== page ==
bishop and officers (without whom he could do nothing). These, seeing how the people were dying, began to send out captains in various directions, not to make settlements, but to bring as many Indians as possible to Darien. They seldom succeeded, but lost many of their people in fights with the Indians, some returning defeated, and others with prisoners. As there were so many voices in every measure, each one given from motives of interest or wilfulness, neither was good order preserved, nor was any evil doer punished.
It was but a short time since Vasco Nuñez had reached a point near the South Sea, whence he had seen it. The captains and troops who went forth in that direction, where the country is healthier and more thickly peopled, brought back great troops of captive natives in chains, and all the gold they could lay their hands on. This state of things continued for nearly three years. The captains divided the captive Indians amongst the soldiers, and brought the gold to Darien. They gave each man his share. To the bishop,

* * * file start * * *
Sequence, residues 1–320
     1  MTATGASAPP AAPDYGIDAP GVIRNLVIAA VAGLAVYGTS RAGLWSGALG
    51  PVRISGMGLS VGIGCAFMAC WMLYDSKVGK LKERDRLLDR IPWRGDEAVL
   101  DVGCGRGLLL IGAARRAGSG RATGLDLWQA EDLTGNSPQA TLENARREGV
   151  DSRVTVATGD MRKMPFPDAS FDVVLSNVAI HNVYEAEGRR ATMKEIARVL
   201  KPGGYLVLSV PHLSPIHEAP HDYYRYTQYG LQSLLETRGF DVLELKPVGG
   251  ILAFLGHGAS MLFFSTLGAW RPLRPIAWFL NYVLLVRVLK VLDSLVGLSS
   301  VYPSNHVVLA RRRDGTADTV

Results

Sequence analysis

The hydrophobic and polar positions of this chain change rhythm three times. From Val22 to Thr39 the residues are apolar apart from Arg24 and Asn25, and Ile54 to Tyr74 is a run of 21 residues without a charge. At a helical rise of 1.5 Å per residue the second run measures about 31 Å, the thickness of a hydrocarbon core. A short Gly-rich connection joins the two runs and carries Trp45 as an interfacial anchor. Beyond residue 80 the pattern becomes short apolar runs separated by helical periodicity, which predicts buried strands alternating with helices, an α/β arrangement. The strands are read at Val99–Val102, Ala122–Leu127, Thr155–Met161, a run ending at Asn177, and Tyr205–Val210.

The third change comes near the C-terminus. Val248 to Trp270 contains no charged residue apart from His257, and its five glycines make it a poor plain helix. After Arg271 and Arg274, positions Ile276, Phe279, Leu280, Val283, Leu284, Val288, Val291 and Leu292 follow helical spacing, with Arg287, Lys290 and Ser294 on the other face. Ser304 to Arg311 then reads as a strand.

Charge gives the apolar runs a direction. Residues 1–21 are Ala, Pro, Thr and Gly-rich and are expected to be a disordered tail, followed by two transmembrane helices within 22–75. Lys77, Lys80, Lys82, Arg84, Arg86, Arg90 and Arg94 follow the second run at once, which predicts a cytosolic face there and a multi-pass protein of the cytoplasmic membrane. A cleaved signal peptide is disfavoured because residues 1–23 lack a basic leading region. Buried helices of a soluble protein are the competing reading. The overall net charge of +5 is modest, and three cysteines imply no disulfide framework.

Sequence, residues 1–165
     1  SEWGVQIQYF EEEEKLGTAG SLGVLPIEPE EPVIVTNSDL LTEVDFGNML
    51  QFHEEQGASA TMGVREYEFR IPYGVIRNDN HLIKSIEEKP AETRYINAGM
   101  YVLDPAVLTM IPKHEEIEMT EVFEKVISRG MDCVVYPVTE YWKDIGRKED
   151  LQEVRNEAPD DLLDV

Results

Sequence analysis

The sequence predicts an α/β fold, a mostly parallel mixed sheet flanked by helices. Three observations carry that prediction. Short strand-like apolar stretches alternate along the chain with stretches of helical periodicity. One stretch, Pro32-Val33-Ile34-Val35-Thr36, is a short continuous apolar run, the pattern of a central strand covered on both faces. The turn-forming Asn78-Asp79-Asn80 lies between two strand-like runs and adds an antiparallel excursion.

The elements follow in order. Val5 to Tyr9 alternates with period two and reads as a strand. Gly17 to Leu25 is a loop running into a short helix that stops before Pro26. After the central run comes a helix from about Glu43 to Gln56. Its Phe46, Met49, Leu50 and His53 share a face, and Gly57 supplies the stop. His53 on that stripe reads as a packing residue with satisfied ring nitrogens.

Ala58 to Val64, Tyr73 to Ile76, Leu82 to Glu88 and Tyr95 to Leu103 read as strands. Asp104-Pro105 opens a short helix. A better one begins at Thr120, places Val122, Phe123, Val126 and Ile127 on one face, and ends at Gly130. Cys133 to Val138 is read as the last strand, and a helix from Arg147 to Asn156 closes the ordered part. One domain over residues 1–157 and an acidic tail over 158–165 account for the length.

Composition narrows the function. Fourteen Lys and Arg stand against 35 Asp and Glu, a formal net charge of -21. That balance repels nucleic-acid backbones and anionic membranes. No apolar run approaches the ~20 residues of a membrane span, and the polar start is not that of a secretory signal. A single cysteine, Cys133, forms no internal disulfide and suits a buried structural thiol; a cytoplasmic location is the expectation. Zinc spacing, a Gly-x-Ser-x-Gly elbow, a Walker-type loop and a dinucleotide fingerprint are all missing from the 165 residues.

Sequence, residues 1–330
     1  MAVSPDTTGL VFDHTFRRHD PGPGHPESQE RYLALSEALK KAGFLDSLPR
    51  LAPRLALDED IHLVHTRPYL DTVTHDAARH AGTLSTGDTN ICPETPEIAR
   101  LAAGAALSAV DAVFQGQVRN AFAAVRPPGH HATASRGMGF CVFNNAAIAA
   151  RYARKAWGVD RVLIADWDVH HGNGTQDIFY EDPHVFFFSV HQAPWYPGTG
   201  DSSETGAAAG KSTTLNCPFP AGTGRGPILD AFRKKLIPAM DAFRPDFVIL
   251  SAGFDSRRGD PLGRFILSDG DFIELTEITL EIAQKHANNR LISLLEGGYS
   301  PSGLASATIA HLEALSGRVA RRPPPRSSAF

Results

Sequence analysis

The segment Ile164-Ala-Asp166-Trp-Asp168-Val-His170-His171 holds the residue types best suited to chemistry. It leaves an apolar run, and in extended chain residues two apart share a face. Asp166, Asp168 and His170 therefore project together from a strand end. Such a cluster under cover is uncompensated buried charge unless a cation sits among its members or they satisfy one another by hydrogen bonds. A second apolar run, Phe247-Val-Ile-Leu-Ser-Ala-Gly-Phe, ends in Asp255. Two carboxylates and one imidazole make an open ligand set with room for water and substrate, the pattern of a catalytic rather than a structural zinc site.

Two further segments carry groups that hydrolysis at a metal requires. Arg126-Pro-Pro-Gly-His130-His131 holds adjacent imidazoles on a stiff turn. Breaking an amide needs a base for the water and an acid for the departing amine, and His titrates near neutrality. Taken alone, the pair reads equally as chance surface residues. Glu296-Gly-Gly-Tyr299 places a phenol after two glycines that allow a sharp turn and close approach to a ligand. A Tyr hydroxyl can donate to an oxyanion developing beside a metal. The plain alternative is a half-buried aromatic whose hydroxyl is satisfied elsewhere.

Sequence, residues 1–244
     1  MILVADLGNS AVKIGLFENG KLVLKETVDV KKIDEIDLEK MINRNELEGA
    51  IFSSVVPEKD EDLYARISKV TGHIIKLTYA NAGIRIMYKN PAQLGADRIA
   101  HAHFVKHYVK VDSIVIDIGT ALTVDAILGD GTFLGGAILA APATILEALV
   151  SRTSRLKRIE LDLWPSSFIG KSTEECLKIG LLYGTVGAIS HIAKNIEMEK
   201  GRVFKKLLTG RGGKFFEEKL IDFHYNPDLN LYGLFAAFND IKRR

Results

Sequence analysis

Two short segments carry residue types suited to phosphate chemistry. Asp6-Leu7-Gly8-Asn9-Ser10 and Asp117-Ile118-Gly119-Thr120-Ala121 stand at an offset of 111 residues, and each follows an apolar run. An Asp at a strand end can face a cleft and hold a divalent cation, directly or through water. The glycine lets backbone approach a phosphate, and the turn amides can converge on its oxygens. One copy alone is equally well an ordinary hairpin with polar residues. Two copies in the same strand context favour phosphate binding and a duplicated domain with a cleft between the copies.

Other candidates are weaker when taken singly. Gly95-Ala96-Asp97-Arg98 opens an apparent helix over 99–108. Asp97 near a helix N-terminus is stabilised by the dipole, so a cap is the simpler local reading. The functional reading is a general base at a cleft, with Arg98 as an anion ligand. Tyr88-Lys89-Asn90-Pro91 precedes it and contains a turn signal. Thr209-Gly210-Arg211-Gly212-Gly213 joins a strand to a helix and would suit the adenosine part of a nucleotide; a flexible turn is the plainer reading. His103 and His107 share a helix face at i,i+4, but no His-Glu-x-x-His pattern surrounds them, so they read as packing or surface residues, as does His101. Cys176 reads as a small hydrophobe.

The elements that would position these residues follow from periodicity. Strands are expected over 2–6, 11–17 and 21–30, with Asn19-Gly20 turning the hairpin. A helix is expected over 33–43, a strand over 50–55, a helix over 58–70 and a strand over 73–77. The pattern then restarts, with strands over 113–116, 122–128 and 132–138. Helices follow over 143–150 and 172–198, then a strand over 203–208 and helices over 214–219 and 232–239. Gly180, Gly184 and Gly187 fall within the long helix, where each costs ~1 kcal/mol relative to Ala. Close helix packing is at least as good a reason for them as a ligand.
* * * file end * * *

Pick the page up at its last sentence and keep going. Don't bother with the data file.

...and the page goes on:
- The first expedition sent out by Pedrarias was commanded by Juan de Ayora, who was ordered to build fortresses on the territories of the caciques Comogre, Pocorosa, and Tubanamá. He obtained gold by torturing and burning the Indians, and then sailed away with it, and was never heard of again in Darien. One Bartolomé Hurtado was despatched in search of Ayora, and brought back a hundred Indians as slaves, many of whom he gave away as bribes to the principal officials in Darien.
- Vasco Nuñez wrote a letter to the king, dated October 16th, 1515, in which he begged that some one might be sent to examine into the state of the colony. He declared that he who would bring it back into the condition it once was in, must neither sleep nor be careless. He said that the Indians, who were formerly like sheep, had become as fierce lions. That while once they used to come out in the roads with presents for the Cristians, they now go forth to kill them. He explained that this change had been caused by the evil treatment they had received from the captains who had invaded their territories, killed many chiefs and Indians without any reason, and stolen their women and children. The crimes of these captains had remained unpunished, while there is not a single friendly tribe left, except the cacique of Careta, who remained neutral, because of his proximity to Darien.